Skip to main content

Meningitis in patients with a Gram-negative direct cerebrospinal fluid examination: the value of cytochemical markers for the differential diagnosis

We read with great interest the article by Viallon and colleagues [1] exploring the value of cytochemical markers for the differential diagnosis of meningitis in patients with a Gram-negative direct cerebrospinal fluid (CSF) examination. We have some concern as regards the confounding factors in their study. Firstly, although lumbar puncture was performed immediately on patient admission, the timepoint to obtain the CSF samples relative to the onset of disease was not uniform. For those patients with a Gram-negative direct CSF examination, the negativity may be attributed to a lumbar puncture at a very early stage. Secondly, the inclusion criteria are ambiguous. Meningitis was defined as a white blood cell count more than 5/mm3 in the CSF. Blood contamination due to the lumbar puncture procedure cannot be ruled out. Moreover, the white blood cell count is insufficient to localize infectious inflammation to cerebral pia mater. In terms of this insufficiency, it is not surprising to see the low incidence of nuchal rigidity [1]. Thirdly, the lack of a gold standard for viral meningitis is a vexing problem. An imperfect standard to evaluate a diagnostic test may lead to distortions in sensitivity and/or specificity [2, 3]. In this regard, a positive group and a negative group are indispensable to determine the sensitivity and specificity of either the serum or the CSF parameters in the differential diagnosis of meningitis. Aseptic meningitis caused by intravenous immunoglobulin has not been excluded, since the causative virus was identified in only 39% of the patients with viral meningitis.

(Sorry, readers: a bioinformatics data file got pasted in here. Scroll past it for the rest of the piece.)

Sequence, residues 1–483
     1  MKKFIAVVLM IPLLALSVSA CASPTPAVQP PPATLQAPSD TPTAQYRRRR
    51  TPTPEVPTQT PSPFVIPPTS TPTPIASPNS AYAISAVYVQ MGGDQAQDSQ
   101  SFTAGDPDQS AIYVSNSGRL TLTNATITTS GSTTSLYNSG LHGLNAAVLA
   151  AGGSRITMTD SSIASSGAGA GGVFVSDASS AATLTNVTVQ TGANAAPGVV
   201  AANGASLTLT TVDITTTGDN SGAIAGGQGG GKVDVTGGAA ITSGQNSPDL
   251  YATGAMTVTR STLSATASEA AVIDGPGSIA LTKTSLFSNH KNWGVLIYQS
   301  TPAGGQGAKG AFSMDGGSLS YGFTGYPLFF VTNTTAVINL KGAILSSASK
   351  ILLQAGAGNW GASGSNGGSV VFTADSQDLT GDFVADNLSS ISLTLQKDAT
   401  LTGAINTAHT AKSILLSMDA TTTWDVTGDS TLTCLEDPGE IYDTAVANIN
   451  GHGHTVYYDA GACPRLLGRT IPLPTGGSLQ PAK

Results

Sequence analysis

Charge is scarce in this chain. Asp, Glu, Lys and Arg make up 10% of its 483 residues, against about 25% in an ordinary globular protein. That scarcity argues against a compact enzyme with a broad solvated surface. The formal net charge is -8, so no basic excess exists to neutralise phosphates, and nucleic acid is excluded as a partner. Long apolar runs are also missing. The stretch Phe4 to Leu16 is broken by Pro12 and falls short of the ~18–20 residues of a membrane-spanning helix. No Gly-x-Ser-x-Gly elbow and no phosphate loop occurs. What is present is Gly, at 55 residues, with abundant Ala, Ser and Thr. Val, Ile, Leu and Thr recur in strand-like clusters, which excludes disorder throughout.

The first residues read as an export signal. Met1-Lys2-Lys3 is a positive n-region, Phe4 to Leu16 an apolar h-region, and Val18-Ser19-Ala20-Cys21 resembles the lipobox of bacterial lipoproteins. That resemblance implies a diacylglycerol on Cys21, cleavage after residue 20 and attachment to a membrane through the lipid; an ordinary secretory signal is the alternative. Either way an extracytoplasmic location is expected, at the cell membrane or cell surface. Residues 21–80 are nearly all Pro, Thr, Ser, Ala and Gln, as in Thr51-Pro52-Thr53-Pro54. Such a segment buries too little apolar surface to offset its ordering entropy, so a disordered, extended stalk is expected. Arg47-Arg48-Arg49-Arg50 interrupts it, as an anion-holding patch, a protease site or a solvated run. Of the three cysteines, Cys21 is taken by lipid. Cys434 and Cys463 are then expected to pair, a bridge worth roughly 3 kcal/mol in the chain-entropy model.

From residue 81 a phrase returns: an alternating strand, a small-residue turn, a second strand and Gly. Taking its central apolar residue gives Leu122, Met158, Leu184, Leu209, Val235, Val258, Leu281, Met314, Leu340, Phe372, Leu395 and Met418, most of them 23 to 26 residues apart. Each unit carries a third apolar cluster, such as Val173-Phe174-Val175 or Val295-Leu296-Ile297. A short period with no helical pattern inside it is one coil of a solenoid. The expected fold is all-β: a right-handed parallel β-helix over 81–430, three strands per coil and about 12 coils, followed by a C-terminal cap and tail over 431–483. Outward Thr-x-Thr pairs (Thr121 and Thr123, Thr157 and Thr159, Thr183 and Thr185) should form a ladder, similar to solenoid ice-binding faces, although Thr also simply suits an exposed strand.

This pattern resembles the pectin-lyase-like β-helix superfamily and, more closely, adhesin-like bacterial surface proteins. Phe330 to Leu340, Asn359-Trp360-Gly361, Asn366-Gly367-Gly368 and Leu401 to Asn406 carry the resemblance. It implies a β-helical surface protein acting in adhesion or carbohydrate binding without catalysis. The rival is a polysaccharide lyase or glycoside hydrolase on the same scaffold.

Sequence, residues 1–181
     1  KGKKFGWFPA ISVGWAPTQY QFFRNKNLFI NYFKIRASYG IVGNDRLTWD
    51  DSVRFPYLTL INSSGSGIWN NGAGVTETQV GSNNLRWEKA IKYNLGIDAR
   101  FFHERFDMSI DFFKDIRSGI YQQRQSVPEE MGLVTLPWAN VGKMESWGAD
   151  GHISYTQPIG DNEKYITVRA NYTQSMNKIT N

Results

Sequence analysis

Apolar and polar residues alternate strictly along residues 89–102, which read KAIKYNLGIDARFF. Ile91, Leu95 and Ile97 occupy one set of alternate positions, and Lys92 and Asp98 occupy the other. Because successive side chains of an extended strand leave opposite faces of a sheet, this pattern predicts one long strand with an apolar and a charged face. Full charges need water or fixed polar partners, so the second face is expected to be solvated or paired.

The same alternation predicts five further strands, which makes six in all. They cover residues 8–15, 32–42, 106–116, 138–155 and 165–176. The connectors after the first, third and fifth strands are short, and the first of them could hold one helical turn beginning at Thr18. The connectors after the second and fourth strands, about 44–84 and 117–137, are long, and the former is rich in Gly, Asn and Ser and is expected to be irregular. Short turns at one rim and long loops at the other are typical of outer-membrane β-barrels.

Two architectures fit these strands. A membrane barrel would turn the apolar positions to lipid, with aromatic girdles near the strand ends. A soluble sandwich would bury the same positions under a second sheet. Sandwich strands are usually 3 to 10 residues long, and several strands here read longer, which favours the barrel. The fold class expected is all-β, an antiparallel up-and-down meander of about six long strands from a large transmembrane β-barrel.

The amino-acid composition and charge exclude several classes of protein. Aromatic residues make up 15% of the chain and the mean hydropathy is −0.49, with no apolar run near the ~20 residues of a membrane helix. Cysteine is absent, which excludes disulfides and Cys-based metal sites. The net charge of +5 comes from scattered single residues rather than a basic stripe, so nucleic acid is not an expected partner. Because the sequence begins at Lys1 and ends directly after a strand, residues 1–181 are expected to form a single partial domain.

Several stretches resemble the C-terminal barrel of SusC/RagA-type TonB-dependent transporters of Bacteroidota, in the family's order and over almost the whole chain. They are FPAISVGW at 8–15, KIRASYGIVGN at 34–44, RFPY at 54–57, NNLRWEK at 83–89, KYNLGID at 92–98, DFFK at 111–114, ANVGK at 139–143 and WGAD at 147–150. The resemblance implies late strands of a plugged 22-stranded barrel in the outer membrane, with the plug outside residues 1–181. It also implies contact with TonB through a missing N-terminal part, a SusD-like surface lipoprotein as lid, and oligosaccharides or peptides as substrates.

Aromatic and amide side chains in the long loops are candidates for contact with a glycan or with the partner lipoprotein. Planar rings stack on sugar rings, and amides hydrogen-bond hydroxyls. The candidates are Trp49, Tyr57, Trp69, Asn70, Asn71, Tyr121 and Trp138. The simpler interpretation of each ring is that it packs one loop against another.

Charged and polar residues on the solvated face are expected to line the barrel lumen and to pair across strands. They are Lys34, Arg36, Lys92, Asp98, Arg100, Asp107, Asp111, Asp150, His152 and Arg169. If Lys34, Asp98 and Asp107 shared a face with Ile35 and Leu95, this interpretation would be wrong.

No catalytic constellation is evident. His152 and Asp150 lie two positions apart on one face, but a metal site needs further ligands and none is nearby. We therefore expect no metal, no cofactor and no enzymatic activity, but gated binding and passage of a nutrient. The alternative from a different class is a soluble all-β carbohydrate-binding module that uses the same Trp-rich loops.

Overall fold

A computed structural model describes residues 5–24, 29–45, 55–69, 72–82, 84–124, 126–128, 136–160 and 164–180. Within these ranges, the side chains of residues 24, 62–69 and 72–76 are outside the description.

Abbreviations

CSF:

cerebrospinal fluid.

References

  1. Viallon A, Desseigne N, Marjollet O, Birynczyk A, Belin M, Guyomarch S, Borg J, Pozetto B, Bertrand JC, Zeni F: Meningitis in adult patients with a negative direct cerebrospinal fluid examination: value of cytochemical markers for differential diagnosis. Crit Care 2011, 15: R136. 10.1186/cc10254

    Article  PubMed Central  PubMed  Google Scholar 

  2. Valenstein PN: Evaluating diagnostic tests with imperfect standards. Am J Clin Pathol 1990, 93: 252-258.

    CAS  PubMed  Google Scholar 

  3. Prasad K, Sahu JK: Cerebrospinal fluid lactate: is it a reliable and valid marker to distinguish between acute bacterial meningitis and aseptic meningitis? Crit Care 2011, 15: 104. 10.1186/cc9396

    Article  PubMed Central  PubMed  Google Scholar 

Download references

Author information

Authors and Affiliations

Authors

Corresponding author

Correspondence to Hongliang Zhang.

Additional information

Competing interests

The authors declare that they have no competing interests.

Rights and permissions

Reprints and Permissions

About this article

Cite this article

Zhang, H., Wang, X., Yang, Y. et al. Meningitis in patients with a Gram-negative direct cerebrospinal fluid examination: the value of cytochemical markers for the differential diagnosis. Crit Care 15, 439 (2011). https://doi.org/10.1186/cc10320

Download citation

  • Published:

  • DOI: https://doi.org/10.1186/cc10320

Keywords

  • Meningitis
  • White Blood Cell Count
  • Lumbar Puncture
  • Aseptic Meningitis
  • Viral Meningitis